100 Places to Go Before They Disappear
100 Places to Go Before They Disappear, a gorgeous new book of photos which comes out May 1, is dedicated to 100 places around the world that are already on their way or in danger of disappearing forever. In honor of Earth Day, which began as an environmental teach-in in response to an oil spill off of California's coast in 1970, we’re highlighting a few excerpts from some of the most fascinating destinations featured in the book, available from Abrams Publishing on May 1 for $24.95.
Franz Josef Glacier—South Island, New Zealand
The Franz Josef Glacier is widely considered to be the gem of the glaciers on the west coast of New Zealand. It descends from about 11,500 feet to just 787 feet above sea level in the middle of a temperate rainforest, making it the alpine glacier that terminates at the lowest altitude in the world.
Why go now? The glaciers in the New Zealand Alps have been shrinking since 2000. On average, those in the Southern Alps have shortened by 38% and lost 25% of their area. According to glaciologists from New Zealand’s Canterbury and Victoria universities, the Franz Josef Glacier could disappear within the next 100 years.
The Wadden Sea—Denmark
The Wadden Sea is a low-lying coast formed some 10,000 years ago at the end of the last ice age . . . As it reached the coast, silt deposits created new, low-lying land that has been changing shape with the ebbs and flow of the sea ever since. Tourists from Denmark and abroad flock to the Wadden Sea in droves to “walk on water” and see the varied landscape of cliffs marshes, sandy beaches, and tidal mudflats, where the difference between low and high tide can be up to 6 feet.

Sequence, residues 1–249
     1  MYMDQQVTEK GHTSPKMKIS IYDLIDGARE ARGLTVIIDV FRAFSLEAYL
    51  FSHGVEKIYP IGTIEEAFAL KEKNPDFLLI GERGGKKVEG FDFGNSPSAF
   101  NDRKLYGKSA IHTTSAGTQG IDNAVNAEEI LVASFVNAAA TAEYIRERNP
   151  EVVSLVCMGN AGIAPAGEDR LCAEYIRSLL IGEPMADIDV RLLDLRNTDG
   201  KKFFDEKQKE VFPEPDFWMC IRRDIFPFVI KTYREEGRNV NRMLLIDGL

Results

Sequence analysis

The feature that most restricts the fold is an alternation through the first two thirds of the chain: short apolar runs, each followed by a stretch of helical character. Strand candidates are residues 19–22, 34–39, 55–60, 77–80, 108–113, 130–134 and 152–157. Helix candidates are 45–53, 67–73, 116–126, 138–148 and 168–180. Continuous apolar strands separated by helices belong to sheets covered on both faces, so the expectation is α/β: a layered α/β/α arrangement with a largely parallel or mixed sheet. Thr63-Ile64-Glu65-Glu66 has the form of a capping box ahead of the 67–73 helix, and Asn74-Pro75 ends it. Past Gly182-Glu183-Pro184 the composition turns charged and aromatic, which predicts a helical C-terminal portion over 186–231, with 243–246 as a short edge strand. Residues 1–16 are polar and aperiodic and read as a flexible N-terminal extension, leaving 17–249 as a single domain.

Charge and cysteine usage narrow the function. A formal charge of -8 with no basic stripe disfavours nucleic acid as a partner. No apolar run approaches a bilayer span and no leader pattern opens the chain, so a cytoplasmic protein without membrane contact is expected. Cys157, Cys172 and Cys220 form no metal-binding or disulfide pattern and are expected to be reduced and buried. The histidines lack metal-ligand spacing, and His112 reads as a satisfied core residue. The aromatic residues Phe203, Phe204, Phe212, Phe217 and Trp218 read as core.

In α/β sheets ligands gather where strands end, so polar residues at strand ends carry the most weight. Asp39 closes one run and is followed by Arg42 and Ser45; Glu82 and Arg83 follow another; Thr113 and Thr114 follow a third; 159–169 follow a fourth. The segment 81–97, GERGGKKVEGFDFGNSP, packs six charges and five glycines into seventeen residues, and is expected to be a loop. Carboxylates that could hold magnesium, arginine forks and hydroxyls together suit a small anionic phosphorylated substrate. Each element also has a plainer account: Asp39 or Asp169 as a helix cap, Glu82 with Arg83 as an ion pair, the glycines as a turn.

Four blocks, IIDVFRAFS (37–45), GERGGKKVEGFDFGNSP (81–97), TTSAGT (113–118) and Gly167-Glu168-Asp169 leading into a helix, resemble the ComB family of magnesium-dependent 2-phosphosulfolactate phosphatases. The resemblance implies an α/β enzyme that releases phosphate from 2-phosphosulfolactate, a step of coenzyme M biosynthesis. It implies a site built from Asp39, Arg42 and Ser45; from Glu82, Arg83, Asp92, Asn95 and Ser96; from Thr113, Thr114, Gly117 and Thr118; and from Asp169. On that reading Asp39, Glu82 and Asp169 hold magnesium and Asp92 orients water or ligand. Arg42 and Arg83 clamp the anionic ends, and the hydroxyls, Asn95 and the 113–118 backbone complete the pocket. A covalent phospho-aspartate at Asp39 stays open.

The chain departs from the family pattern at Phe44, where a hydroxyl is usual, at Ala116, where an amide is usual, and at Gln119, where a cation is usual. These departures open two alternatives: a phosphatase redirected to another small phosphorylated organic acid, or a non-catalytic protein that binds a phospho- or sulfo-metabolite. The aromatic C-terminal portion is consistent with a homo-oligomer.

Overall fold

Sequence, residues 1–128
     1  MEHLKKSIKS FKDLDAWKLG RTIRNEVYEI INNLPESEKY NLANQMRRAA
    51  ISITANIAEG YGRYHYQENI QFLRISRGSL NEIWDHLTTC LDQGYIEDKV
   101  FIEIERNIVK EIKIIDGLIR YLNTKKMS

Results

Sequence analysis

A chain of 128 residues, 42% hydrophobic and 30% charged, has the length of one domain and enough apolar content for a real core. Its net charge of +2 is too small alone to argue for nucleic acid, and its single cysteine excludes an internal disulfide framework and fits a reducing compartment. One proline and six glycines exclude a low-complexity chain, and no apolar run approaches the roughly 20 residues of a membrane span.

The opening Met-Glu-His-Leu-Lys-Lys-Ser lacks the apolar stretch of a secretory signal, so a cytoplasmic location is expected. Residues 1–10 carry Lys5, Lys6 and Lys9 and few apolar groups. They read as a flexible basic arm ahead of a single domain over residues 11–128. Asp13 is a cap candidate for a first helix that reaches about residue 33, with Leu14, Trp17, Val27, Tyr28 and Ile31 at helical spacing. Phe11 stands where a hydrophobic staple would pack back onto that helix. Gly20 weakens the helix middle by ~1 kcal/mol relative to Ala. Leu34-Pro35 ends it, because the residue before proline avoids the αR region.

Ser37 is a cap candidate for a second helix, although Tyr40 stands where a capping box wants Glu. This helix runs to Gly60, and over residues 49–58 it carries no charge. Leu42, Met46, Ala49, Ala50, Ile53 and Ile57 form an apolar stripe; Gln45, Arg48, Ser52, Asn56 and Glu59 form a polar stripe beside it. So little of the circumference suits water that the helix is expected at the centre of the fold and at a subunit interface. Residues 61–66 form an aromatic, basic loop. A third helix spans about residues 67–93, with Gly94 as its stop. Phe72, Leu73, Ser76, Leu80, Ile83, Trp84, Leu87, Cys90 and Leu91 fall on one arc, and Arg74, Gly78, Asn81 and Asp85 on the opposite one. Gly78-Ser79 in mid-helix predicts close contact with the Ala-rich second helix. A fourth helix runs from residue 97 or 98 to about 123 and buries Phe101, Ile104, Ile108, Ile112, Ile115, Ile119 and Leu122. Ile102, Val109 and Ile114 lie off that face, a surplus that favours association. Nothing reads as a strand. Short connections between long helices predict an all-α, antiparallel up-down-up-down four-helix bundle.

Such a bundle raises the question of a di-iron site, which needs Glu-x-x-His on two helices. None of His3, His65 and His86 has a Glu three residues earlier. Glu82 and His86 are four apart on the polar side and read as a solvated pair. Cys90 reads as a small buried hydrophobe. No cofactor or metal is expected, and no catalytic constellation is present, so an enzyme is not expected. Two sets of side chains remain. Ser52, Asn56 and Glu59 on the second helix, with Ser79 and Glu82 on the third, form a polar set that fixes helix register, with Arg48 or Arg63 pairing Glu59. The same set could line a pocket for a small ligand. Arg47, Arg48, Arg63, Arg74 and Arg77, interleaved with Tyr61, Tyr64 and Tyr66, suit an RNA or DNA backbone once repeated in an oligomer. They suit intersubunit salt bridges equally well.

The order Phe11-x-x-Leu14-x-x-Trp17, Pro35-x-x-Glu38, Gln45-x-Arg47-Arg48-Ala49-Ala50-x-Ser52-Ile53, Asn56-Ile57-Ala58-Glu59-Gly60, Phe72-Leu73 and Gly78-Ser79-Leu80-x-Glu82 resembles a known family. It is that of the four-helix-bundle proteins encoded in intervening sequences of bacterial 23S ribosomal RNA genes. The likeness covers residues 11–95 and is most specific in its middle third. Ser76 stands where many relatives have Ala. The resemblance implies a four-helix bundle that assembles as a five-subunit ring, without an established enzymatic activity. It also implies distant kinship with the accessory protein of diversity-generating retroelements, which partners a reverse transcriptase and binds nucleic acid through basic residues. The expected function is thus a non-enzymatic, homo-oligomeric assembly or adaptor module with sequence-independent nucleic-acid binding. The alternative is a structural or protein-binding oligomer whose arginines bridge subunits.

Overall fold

Why go now? If the sea level rises higher and more rapidly than expected . . . the Wadden Sea would be completely submerged, obliterating a prime bird sanctuary and some unique scenery.
The sea surrounding Komodo and its neighboring islands provides some of the world’s best diving spots, thanks to its spectacular unspoiled coral reefs and schools of fish of all shapes and sizes, bursting with color.
Why go now? In the sea, increased acidification and rising surface temperatures may eventually kill the coral. As well as affecting the coastal protection of the islands, the loss of the coral will have negative impact on marine life and could result in an immense loss of beauty and natural diversity.
How are you celebrating the Earth today? Which location would you like to visit before it potentially disappears forever?
Lyndsey Matthews is an online editorial assistant at Travel + Leisure.